As always I welcome all constructive feedback – please use GitHub to raise any issues.

NuGet: https://www.nuget.org/packages/InTheHand.Pontoon/

GitHub: https://github.com/inthehand/Pontoon

Docs: http://inthehand.github.io/

Introducing Pontoon – A flexible bridge to the Universal Windows Platform

I first created the “Charming” libraries for Windows Phone in order to add some APIs which were added to Windows 8 but not available on phone. Many of the early ones replicated the “Charms” related functionality (Sharing/Search/Settings) hence the silly name.

When I created version 9 about a year ago I consolidated lots of separate libraries into just two – InTheHand and InTheHand.UI. The latter contained UI specific functionality such as MessageDialog, ToastNotification and ApplicationSettings. Following this I extended the library with support for iOS and Android using Xamarin and exposing the same UWP style API.

As I’ve been doing Xamarin development recently I’m constantly having to look for or write wrappers for native APIs to use across platforms. You sometimes find libraries which claim to provide a cross-platform API but actually only support iOS and Android. I looked at the large codebase I already had and thought about other areas which could be implemented across all the Windows and Xamarin platforms. Among the Windows platforms I added Win32 support so you can use these same APIs from Console, WinForms or WPF applications on versions prior to Windows 10. Since a lot of desktop apps still support Windows Vista and 7 this was very important to provide future code compatibility with Windows 10.

I’d toyed with changing the name before because it’s now irrelevant in an OS which no longer has the concept of Charms. I thought about the Windows 10 “bridges” – to take Desktop Apps, iOS and Silverlight to UWP and thought what I have here is effectively another bridge. It’s a flexible one though and it also works in both directions. You can code C# on numerous platforms and that code will be instantly portable to UWP. You can also use your UWP knowledge to easily target some of the more fiddly aspects of Xamarin platforms consistently. If you consider a Xamarin Forms application which might target iOS, Android and Windows once you step beyond laying out forms with the built in controls and basic page navigation there is no common API to work with Settings, Files, Geolocation, Network connectivity and more. If you are able to find a NuGet library which supports all the platforms you need you’ll have to learn a whole new API too. One word which kept springing to mind with the concept of a flexible bridge is Pontoon and so this is what I chose. Wikipedia says “A pontoon bridge, also known as a floating bridge, uses floats or shallow-draft boats to support a continuous deck for pedestrian and vehicle travel”. Although I renamed the GitHub repository this is a direct continuation of the Charming codebase but there will be a few breaking changes hence the new NuGet package and major version change.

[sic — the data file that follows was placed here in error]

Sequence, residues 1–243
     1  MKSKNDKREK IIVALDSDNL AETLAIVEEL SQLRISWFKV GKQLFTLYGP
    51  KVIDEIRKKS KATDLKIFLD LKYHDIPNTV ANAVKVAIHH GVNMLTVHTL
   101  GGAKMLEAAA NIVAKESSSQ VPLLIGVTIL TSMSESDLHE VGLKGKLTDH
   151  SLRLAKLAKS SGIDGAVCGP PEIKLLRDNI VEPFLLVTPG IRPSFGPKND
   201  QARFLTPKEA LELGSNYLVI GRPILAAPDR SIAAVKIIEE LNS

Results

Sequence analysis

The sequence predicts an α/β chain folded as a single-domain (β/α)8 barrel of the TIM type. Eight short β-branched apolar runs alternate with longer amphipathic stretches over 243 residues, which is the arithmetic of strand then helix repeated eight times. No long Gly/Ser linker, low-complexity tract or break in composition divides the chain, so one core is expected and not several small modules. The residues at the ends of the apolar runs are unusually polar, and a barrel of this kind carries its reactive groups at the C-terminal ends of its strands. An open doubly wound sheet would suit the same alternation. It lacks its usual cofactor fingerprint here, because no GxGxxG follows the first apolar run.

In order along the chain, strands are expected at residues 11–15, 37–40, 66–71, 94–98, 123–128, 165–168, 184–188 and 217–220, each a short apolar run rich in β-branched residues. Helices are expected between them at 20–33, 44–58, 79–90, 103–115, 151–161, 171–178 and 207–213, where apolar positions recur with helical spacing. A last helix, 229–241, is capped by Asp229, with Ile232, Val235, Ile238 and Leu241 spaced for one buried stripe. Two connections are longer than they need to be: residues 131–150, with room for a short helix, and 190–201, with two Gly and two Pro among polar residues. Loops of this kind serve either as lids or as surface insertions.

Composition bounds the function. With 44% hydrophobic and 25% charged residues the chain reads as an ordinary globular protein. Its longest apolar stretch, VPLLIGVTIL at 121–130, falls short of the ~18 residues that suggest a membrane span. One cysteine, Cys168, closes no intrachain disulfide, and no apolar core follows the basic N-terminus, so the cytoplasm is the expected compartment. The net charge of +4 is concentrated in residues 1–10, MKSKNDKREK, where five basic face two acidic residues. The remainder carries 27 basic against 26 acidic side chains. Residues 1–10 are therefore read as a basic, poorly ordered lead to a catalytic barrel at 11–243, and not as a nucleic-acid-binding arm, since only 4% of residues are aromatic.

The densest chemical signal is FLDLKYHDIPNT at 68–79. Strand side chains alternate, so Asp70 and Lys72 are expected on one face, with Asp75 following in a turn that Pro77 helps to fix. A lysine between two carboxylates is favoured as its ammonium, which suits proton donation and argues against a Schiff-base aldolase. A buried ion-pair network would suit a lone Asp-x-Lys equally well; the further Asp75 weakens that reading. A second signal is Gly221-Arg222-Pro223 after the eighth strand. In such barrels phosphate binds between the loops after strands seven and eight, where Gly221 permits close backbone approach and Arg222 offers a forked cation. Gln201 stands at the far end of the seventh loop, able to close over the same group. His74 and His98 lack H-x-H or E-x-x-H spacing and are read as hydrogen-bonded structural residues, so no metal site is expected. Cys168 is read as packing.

If you are interesting in contributing to the library please do get in touch. There are a number of open issues which are still to be addressed and many more API areas which would make sense to implement in this way. I’ve consciously avoided most UI areas because this is something you’ll need to approach differently for each platform (unless you use Xamarin Forms) and I didn’t want introduce any additional dependencies. There are some UI elements such as StatusBar, MessageDialog, Toast/Badge notifications, CameraCaptureUI etc. I consider these to be part of the “Chrome” rather than your app UI – they will all have a very different look and feel depending on the platform but perform the same functions.

I’m still working on a sample application. I’ll probably use Xamarin Forms in order to create a simple UI to surface as much of this functionality as possible.

As always I welcome all constructive feedback – please use GitHub to raise any issues.

NuGet: https://www.nuget.org/packages/InTheHand.Pontoon/

GitHub: https://github.com/inthehand/Pontoon

Docs: http://inthehand.github.io/

 

Latest Version of InTheHand.Core

I’ve just updated the NuGet package for InTheHand.Core. This adds a VibrationDevice which works across all Xamarin Platforms (hardware permitting) and fixes a bug with PowerManager.RemainingChargePercent on iOS. The library now has 18 namespaces full of UWP APIs for all Xamarin platforms (and this doesn’t count the sister library InTheHand.UI). Check it out here:-

https://www.nuget.org/packages/InTheHand.Core/